While the Democratic presidential candidates are debating full Medicare for All, giant insurance companies like UnitedHealthcare are advertising to the elderly in an attempt to lure them from Traditional Medicare (TM) to the so-called Medicare Advantage (MA)—a corporate plan that UnitedHealthcare promotes to turn a profit at the expense of enrollees.
Almost one third of all elderly over 65 are enrolled in these numerous, complex MA policies the government pays so much for monthly. The health insurance industry wants more enrollees as they continue to press Congress for more advantages.
Medical Disadvantage would be a more accurate name for the programs, as insurance companies push to corporatize all of Medicare, yet keep the name for the purposes of marketing, deception, and confusion.
Elderly people enrolled in MA will experience its often merciless denials when they get sick. As hospital expert—attorney, physician, Dr. Fred Hyde put it: “It’s not just what you pay, it’s what you get.”
Start with the cross-subsidy of MA from TM. In 2009, the Congressional Budget Office estimated these overpayments would cost the federal government $157 billion over the coming decade. Obama’s Affordable Care Act started to reduce these subsidies to the giant insurers, but they still amount to many billions of dollars per year.
Add that with Medicare Disadvantage you are restricted to networks of vendors. That restricts your choice for competence and skills, and sometimes, requires you to travel longer distances for treatment. This could mean fewer enrollees will utilize their healthcare and more profits for the insurance companies.
Under Medicare Disadvantage you are subject to all kinds of differing plans, maddening trapdoor fine print, and unclear meaning to the insurers arguing no “medical necessity” when you’re denied care.
The advertisements for Medicare Disadvantage stress that you can sometimes get perks—gym memberships, hearing aids, and eyeglasses, as enticements, but they avoid telling you they are not so ready to cover serious needs like skilled nursing care for critically ill patients.
Under Medicare Disadvantage, there is no Medigap coverage as there is for TM. Co-pays and deductibles can be large. Under a recent Humana Medicare Advantage Plan in Florida, your co-pay for an ambulance is up to $300, up to $100 co-pay for lab services, and another $100 for outpatient x-rays.
A few years ago, UnitedHealthcare corporations dismissed thousands of physicians from their MA networks, sometimes immediately, sometimes telling their patients before telling their physicians.
Dr. Arthur Vogelman, a gastroenterologist, said he received a termination letter in 2013 from UnitedHealthcare. He appealed, documenting his successful treatment of many patients. The company denied his appeal, with no reason, as it had for thousands of network physicians.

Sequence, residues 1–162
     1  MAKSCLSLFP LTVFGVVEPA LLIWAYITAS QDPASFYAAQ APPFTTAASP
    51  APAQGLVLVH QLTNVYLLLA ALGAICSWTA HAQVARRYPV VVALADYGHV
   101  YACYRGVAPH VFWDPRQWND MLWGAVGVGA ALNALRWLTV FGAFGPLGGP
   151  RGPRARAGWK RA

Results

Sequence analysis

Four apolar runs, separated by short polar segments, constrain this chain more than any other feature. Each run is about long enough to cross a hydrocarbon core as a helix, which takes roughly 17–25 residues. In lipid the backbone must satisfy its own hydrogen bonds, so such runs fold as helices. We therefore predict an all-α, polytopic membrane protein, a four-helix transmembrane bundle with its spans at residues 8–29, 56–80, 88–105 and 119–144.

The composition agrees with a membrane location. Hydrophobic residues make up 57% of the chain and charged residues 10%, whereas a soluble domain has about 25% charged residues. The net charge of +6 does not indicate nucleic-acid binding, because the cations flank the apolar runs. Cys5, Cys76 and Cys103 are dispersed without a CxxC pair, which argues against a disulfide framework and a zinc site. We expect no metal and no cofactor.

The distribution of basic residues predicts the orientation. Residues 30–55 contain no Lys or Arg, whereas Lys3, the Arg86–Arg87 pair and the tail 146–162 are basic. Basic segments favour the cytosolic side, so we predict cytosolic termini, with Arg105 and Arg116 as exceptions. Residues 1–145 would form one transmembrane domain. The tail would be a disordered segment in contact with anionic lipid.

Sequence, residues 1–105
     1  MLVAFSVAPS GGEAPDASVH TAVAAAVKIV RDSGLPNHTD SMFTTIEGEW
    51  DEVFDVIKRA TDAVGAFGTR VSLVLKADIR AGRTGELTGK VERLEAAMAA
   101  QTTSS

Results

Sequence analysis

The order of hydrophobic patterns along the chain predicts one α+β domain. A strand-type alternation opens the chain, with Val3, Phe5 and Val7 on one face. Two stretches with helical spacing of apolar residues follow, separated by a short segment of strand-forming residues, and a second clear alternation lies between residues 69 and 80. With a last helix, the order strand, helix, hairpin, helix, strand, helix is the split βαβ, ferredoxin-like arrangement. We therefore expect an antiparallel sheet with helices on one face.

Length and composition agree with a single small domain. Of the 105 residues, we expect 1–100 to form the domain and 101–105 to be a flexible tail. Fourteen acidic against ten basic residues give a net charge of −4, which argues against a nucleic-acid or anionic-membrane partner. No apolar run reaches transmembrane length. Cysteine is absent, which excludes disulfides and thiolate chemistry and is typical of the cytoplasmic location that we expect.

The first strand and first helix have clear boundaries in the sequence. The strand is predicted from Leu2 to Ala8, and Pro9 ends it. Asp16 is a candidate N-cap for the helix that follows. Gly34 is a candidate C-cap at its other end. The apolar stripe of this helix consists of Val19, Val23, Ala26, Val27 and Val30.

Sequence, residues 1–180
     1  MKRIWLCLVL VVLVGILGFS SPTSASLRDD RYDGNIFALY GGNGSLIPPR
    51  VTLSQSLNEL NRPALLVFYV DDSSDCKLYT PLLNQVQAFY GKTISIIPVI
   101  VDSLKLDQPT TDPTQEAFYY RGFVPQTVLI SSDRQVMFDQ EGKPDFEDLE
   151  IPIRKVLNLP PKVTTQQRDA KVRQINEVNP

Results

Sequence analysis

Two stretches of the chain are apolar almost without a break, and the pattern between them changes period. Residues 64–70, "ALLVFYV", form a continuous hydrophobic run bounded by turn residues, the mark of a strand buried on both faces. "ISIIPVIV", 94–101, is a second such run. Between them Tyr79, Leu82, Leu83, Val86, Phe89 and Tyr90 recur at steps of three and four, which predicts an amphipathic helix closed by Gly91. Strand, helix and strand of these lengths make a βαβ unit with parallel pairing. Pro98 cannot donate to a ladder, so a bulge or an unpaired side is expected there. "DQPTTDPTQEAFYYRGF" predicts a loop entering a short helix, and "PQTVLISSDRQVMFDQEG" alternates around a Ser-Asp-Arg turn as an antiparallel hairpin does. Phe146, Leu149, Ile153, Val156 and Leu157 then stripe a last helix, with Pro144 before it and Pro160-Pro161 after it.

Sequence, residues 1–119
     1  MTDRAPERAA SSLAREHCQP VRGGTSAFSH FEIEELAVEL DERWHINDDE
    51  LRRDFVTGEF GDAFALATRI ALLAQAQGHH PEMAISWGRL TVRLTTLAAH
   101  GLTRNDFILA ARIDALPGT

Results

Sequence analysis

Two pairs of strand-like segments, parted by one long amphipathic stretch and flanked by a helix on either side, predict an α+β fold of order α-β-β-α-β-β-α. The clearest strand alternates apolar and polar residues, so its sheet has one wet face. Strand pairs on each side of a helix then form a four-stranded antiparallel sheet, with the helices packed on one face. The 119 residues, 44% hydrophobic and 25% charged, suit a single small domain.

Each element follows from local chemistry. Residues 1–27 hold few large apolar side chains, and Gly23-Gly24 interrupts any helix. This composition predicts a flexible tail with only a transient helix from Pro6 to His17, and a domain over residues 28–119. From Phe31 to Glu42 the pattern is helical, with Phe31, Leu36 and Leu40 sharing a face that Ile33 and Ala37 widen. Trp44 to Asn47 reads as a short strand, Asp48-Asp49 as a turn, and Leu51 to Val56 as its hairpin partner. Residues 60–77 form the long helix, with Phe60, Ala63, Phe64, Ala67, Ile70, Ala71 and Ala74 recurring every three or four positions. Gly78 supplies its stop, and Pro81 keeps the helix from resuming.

Dr. Vogelman called it “an outrage. I have patients in their 80s and 90s who have been with me 20 years, and I’m having to tell them that their insurer won’t pay for them to see me anymore. The worst thing is I can’t even tell them why.” Except that the company wanted more profits.
After a lengthy protest by national and state medical societies in 2013, UnitedHealthcare began to be less aggressively dismissive.
Studies show the main reason MA enrollees return to TM is how badly the corporate insurers treated them when they became sick.
Medicare itself is getting overly complex. But nothing like the ever changing corporate rules, offerings, and restrictions of Medicare Disadvantage. How strange it is that AARP, with its Medigap insurance business run by UnitedHealthcare, doesn’t advise its members to go with the obviously superior Traditional Medicare. AARP reportedly receives a commission of 4.95% for new enrollees on top of the premiums the elderly pay for the Medigap policy from United Healthcare. This money—about seven hundred million dollars a year—is a significant portion of AARP’s overall budget.
AARP responded to my inquiries into their Medicare Advantage policy saying that it does not recommend one plan over another, leaving it to the uninformed or misinformed consumer. That’s one of AARP’s biggest cop-outs—they know the difference.
There is no space here to cover all the bewildering ins and outs of what corporations have done to so-called managed Medicare and managed Medicaid. That task is for full-time reporters. The government does estimate a staggering $60 billion in billing fraud annually just on Medicare—manipulating codes, phantom billing, etc. You need the equivalent of a college-level course just to start figuring out all the supposed offerings and gaps.
Suffice it to say that, in the words of Eleanor Laise, senior editor of Kiplinger’s Retirement Report, “the evidence on health care access and quality decidedly favors original Medicare over Medicare Advantage, according to a Kaiser Family Foundation review of 40 studies published between 2000 and 2014.”